Directory of U.S. Military Rockets and Missiles
Appendix 1: Early Missiles and Drones
Copyright © 2003 Andreas Parsch

Sylvania Electric SAM-A-19 Plato

In 1951, the U.S. Army defined the characteristics of a future mobile SAM-A-19 AMM (Anti-Missile Missile) system to protect field forces from attacks by short- and medium-range ballistic missiles (the modern term for this AMM would be TBMD - Theater Ballistic Missile Defense). In 1952, the SAM-A-19 program was formally begun as project Plato. Design studies were done by Sylvania Electric and Cornell Aeronautical Lab from 1953 to 1956, and in September 1956, the U.S. Army selected Sylvania's XSAM-A-19 design as the base for further development. The Plato missile was designed for speeds of Mach 6 to 8, and therefore one main focus of the initial studies were the aerodynamic and thermodynamic problems of hypersonic flight.

Component development for Plato continued until February 1959, when the program was cancelled before any prototypes had been built. As an interim measure, it was then decided to upgrade the SAM-A-25/MIM-14 Nike Hercules with a very limited anti-missile capability. As a long-term Plato replacement project, the Army began the FABMDS (Field Army Ballistic Missile Defense System) program, but this was also cancelled after only three years of design studies.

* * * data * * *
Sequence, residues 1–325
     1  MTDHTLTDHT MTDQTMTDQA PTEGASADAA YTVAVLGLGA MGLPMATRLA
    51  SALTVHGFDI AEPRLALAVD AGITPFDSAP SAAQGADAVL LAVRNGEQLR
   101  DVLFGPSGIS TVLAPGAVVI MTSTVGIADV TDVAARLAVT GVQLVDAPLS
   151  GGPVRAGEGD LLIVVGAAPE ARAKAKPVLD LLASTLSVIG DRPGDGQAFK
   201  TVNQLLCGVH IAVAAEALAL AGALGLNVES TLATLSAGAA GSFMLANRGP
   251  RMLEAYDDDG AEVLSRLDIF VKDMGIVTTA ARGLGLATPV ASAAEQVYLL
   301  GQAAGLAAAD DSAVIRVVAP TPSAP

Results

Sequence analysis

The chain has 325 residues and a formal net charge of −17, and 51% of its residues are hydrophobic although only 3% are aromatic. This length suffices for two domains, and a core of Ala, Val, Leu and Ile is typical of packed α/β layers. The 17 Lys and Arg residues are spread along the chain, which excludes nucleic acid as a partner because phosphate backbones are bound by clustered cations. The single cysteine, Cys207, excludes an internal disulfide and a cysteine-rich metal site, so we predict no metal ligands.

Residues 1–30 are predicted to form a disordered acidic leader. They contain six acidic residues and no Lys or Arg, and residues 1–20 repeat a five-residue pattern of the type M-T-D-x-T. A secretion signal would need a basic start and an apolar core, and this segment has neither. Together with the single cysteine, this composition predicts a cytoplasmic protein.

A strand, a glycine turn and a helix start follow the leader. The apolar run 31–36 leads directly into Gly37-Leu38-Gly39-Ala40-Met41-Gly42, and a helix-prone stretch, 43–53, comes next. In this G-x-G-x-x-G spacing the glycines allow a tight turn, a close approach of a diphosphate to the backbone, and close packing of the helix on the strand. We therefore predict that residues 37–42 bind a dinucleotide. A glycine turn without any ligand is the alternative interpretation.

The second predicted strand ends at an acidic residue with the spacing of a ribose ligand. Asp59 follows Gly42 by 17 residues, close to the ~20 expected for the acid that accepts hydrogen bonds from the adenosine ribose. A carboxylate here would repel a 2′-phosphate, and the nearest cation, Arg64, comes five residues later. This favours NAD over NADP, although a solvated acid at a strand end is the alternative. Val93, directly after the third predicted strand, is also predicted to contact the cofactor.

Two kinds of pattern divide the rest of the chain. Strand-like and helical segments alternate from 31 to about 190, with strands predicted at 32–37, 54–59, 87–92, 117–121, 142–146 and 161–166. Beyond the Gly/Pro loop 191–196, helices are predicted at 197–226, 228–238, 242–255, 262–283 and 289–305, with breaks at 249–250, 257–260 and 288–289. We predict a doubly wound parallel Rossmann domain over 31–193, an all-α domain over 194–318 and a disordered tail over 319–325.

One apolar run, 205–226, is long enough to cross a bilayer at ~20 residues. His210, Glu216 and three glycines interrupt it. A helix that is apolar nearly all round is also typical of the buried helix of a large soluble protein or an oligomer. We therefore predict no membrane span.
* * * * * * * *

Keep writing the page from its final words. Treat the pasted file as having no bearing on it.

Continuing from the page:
Note: Readily available public information on Plato is extremely limited. In fact, the U.S. Army's official historical monograph on Plato (Mary T. Cagle & Ruth Jarrell: "History of the PLATO Antimissile Missile System, 1952-1960") is still classified after more than 40 years. This is remarkable, because approximately 20 similar monographs about other Army missiles of that time, including nuclear ones, have been declassified for quite some time now. The author's request for declassification of the Plato monograph is pending.


No data on the physical characteristics of the planned SAM-A-19 missile are available.

Main Sources

[1] Redstone Arsenal Historical Information Website
[2] Plato-related NACA/NASA correspondence records (10 pages) at National Archives and Records Administration - Mid Atlantic Region, Philadelphia

Back to Directory of U.S. Military Rockets and Missiles, Appendix 1

Last Updated: 27 February 2003